The King’s Closest Counselor: The Legal Basis of Wealhtheow’s Comments to Hrothgar, Beowulf 1169–87
Nathan A. Breen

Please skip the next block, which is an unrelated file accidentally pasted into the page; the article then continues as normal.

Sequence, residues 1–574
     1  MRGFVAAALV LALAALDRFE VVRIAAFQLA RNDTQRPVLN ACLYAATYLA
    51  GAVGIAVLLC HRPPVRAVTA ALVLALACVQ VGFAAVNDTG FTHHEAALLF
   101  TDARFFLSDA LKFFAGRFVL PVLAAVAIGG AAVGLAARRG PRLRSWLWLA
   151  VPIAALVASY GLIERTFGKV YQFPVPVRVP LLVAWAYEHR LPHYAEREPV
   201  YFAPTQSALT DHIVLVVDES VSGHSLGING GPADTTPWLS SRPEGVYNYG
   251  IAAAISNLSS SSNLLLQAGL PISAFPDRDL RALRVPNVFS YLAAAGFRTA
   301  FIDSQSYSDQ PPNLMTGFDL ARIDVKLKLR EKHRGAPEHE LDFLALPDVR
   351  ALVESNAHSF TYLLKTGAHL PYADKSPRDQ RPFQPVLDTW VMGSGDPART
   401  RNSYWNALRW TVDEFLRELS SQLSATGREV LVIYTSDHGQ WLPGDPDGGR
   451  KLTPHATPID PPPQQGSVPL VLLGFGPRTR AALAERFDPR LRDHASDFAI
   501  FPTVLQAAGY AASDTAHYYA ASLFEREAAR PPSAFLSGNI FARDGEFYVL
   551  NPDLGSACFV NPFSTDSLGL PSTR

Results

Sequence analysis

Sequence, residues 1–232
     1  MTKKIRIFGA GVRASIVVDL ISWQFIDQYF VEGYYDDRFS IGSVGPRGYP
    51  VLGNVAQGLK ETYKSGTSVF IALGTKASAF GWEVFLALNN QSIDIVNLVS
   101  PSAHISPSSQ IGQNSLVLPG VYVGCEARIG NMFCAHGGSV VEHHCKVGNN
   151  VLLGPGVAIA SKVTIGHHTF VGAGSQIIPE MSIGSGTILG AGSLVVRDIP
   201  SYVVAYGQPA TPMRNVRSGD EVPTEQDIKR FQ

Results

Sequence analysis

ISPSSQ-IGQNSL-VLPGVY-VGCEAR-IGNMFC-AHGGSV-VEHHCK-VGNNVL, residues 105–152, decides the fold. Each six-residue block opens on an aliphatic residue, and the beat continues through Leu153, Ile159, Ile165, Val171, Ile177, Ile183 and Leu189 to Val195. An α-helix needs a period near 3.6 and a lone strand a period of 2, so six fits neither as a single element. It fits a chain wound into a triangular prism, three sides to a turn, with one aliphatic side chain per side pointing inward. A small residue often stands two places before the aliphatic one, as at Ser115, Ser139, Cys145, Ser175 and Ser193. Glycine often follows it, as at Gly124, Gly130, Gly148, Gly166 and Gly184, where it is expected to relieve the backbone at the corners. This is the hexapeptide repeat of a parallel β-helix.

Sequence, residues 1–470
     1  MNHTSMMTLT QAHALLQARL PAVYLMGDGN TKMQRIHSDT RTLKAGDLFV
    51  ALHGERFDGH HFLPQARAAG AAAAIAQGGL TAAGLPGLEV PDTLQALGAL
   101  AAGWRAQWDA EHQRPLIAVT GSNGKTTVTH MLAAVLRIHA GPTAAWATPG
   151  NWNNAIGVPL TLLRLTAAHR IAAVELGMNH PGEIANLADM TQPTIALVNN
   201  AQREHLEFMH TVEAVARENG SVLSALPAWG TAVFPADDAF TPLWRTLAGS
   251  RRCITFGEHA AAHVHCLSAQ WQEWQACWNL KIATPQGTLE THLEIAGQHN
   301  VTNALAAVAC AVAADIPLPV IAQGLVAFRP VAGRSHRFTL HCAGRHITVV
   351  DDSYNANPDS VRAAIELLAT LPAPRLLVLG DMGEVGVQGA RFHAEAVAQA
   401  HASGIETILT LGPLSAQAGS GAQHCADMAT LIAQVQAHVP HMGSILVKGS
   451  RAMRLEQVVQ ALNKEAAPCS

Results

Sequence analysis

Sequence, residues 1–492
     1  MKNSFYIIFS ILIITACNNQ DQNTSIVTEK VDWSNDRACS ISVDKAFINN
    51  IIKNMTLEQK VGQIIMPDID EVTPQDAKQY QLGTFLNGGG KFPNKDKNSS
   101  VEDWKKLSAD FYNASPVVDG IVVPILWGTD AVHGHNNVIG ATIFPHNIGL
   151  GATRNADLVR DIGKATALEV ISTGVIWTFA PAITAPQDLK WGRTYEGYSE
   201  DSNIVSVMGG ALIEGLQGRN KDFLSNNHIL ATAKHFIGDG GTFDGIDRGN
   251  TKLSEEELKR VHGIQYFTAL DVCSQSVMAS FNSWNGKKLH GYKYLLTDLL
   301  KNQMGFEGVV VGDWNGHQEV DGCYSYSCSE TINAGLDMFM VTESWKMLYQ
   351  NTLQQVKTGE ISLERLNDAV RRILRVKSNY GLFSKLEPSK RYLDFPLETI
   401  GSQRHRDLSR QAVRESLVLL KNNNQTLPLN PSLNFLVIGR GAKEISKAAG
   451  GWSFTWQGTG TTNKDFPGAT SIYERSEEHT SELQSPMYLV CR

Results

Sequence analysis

Abstract: Treatments of Wealhtheow in Beowulf scholarship have traditionally viewed the queen either as an extension of Hrothgar, serving a ceremonial function in Heorot, or as a potentially subversive character, undermining the power structure of Heorot and creating strife. Primarily, these studies have been onomastic, cultural, or literary in nature, and have yielded great insight. However, as this essay demonstrates, the legal ramifications of Wealhtheow’s speech have been largely ignored. Yet, it is within the context of Anglo-Saxon legal culture, as witnessed by the various law codes, writs, wills, and diplomas (and as supported by Germanic custom), that the queen’s advice to Hrothgar concerning his informal adoption of Beowulf shows her political savvy and elevates her status within the poem, perhaps mirroring the roles of some Anglo-Saxon queens. Wealhtheow’s speech recalls the primary prohibition of Hrothgar’s kingship—that he should not alienate land from the kingdom or give his people away—as she skillfully protects the right to accession of the throne for her young sons.